I currently have 4x US3000 Pylontech 48v batteries, I believe they are 70A max charge/discharge, 3.5KW x 4 with usable 3.2KW x 4. I have not have any problems so far with these batteries, even when I recently accidentally ran the geyser/s off them. Meaning that my batteries have never given me an alarm or error and they have never shut themselves down. I would like to add 1 or 2 new batteries before next winter, will see when the time come.
The difference is that we don’t have continuous loads of more than 1000w per hour from 16:00 to 08:45. 
I designed my system to produce 42KwH in 6 hours of sunlight (without any losses), so the panels will handle most of the loads when the sun shine. My current usage is between 32-36kWh per day.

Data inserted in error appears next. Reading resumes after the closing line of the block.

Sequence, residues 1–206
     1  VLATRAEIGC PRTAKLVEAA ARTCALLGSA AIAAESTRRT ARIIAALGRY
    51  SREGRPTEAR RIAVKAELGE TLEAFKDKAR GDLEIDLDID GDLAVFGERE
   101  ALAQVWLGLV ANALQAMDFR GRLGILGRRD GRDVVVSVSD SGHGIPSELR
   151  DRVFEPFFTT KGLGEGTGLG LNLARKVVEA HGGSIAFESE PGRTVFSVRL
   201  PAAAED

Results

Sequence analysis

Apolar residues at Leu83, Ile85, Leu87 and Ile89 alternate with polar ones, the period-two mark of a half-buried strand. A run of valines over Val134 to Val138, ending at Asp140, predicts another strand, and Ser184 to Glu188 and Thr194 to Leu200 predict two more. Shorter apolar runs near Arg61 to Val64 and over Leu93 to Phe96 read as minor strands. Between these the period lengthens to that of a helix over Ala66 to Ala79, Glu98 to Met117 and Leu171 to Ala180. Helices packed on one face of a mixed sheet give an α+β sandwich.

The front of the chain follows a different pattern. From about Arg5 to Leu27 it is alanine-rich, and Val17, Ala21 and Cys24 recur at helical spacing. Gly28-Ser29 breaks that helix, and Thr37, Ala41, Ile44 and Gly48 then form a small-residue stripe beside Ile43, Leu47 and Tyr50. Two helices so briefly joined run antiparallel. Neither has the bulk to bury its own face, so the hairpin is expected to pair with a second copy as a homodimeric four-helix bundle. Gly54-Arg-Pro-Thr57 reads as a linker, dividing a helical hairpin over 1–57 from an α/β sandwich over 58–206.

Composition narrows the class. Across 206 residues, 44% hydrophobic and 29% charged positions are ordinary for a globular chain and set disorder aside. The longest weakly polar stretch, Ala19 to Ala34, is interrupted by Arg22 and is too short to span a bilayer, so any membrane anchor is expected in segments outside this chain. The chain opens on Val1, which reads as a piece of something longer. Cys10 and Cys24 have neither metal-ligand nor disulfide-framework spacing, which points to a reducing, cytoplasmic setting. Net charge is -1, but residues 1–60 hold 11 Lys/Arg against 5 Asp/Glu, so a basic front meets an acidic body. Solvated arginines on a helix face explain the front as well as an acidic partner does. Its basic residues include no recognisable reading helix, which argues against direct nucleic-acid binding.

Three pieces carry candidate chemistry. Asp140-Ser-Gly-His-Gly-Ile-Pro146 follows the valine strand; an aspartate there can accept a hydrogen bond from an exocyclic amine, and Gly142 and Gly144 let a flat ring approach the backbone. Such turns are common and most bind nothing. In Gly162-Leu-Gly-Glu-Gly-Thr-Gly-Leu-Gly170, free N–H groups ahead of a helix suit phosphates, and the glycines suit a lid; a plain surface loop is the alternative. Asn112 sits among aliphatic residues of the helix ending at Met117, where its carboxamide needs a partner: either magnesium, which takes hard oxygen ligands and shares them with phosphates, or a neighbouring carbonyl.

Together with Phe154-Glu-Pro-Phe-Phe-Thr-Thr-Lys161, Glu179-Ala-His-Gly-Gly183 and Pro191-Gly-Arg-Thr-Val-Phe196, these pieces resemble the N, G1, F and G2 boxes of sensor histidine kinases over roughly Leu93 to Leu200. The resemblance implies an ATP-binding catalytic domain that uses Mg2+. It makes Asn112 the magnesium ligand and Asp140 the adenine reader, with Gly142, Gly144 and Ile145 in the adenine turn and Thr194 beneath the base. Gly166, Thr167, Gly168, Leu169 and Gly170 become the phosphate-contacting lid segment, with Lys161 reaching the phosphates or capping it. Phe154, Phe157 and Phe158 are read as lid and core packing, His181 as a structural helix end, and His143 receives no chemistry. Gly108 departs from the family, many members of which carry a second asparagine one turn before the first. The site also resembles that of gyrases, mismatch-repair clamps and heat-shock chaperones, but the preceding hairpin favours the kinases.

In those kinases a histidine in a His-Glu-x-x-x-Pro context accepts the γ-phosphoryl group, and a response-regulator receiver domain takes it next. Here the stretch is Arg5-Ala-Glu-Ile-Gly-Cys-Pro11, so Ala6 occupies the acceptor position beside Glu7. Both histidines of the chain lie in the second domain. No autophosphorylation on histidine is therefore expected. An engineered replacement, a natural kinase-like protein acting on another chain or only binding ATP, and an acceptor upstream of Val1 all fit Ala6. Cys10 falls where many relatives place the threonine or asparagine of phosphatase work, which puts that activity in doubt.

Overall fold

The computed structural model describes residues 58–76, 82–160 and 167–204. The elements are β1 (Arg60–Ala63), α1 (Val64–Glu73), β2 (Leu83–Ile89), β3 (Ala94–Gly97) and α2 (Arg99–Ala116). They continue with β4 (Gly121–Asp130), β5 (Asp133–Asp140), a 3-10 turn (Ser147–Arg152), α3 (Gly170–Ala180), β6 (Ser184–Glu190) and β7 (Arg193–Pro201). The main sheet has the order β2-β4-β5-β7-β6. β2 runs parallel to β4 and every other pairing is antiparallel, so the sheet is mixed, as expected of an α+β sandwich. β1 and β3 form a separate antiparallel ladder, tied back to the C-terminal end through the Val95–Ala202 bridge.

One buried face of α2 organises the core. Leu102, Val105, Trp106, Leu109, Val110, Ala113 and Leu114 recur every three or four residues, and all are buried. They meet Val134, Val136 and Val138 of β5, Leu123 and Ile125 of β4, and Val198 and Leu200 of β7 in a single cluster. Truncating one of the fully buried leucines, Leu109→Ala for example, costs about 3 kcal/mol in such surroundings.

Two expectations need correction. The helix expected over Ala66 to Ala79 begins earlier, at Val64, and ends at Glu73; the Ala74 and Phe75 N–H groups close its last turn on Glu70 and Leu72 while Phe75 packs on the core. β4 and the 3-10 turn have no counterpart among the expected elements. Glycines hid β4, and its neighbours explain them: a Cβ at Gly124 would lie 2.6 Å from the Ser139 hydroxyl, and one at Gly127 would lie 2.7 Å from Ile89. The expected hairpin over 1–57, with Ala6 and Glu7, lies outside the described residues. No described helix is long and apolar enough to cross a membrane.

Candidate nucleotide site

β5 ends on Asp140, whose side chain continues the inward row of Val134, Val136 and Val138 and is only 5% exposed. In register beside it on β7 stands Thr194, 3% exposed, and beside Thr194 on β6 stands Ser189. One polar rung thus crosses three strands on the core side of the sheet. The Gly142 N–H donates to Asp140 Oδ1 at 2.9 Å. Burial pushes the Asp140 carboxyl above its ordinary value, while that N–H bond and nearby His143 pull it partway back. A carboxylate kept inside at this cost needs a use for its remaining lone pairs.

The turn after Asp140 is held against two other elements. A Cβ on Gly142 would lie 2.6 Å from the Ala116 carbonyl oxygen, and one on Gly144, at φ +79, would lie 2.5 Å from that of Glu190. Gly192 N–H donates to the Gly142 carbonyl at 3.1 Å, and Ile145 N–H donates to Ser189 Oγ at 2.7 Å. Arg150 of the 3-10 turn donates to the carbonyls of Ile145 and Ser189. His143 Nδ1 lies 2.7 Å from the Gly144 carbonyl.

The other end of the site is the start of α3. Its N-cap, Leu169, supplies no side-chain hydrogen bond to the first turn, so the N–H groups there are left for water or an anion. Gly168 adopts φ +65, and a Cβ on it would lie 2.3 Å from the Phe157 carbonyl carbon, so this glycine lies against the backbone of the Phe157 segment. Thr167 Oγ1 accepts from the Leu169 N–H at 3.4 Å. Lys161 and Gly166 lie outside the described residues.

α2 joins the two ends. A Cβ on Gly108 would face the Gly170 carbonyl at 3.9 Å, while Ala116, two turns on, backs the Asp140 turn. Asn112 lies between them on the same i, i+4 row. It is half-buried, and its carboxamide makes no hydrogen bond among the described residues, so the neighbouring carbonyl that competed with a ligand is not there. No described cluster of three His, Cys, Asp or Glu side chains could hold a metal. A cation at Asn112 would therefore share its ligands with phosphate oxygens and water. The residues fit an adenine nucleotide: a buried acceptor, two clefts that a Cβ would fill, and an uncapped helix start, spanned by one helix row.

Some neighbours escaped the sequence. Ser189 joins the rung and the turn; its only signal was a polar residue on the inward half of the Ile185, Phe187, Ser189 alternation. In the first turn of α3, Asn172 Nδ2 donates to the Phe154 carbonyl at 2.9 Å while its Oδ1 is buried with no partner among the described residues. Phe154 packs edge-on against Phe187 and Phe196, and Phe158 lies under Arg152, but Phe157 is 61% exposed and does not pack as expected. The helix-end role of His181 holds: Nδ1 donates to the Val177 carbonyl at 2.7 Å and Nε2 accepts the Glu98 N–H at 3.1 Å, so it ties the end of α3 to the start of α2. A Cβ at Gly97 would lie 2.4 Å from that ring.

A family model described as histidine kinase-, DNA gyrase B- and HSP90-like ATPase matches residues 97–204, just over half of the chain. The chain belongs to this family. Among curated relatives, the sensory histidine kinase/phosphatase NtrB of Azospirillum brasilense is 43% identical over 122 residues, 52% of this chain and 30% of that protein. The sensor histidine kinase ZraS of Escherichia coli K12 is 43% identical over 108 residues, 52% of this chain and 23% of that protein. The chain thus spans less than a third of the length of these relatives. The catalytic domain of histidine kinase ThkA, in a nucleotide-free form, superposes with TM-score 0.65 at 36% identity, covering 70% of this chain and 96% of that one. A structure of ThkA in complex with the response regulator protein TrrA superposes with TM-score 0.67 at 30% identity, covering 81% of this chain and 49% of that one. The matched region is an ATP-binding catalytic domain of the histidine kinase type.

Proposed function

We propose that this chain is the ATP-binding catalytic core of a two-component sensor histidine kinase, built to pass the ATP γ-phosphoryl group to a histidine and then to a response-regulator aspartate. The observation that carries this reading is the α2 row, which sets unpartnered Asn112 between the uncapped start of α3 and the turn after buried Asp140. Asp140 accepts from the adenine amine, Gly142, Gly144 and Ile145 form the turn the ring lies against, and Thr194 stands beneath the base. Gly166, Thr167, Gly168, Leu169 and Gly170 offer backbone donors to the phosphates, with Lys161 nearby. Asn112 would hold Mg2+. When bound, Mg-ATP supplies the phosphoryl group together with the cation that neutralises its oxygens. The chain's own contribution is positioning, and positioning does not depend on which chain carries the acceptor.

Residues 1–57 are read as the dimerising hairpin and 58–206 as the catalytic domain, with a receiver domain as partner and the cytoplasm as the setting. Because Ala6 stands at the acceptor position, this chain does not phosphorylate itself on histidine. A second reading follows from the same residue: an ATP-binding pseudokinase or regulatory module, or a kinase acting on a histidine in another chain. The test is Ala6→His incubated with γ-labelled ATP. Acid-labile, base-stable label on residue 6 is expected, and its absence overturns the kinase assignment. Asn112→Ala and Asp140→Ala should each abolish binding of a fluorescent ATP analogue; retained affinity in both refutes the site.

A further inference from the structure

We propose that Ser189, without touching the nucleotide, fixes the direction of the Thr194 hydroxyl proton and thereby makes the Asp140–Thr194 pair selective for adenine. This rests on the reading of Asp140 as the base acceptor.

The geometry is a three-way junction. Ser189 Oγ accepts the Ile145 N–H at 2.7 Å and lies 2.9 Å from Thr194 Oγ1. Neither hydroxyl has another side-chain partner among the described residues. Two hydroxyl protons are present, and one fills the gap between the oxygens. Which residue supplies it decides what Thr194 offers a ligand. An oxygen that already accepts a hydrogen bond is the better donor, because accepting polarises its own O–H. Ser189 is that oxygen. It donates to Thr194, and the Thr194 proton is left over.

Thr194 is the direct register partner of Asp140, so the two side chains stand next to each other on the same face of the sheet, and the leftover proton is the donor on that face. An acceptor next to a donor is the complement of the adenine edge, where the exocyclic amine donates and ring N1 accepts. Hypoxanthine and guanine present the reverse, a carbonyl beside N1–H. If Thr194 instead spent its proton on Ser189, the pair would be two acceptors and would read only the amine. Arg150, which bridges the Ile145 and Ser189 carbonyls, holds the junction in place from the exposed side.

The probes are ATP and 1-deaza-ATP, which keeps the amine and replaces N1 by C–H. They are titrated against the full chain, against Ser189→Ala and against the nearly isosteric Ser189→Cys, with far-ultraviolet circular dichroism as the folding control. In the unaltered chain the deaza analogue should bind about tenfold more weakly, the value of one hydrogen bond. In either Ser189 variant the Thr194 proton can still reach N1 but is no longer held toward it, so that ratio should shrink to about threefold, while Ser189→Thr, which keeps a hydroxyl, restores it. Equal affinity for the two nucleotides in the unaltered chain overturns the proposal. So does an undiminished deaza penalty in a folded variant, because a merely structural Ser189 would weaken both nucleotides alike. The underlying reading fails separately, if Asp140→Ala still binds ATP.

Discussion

Currently we are using the grid (in this rain), so my batteries are fully charged for most of the day, this is to prevent us sitting in darkness with the current load shedding schedules that have just been changed to stage 6.

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No idea, to be honest, I am caught off-guard by this whole load shedding thing and struggle to decipher this stupid app lol. Because I am trying to preserve my batteries and not run heavy loads when load shedding occur in my well planned “use as much when the sun shine” mentality :) Apparently it mean more areas will have load shedding at the same time as some of the power stations have flood. Also maybe longer outage periods and more times per day.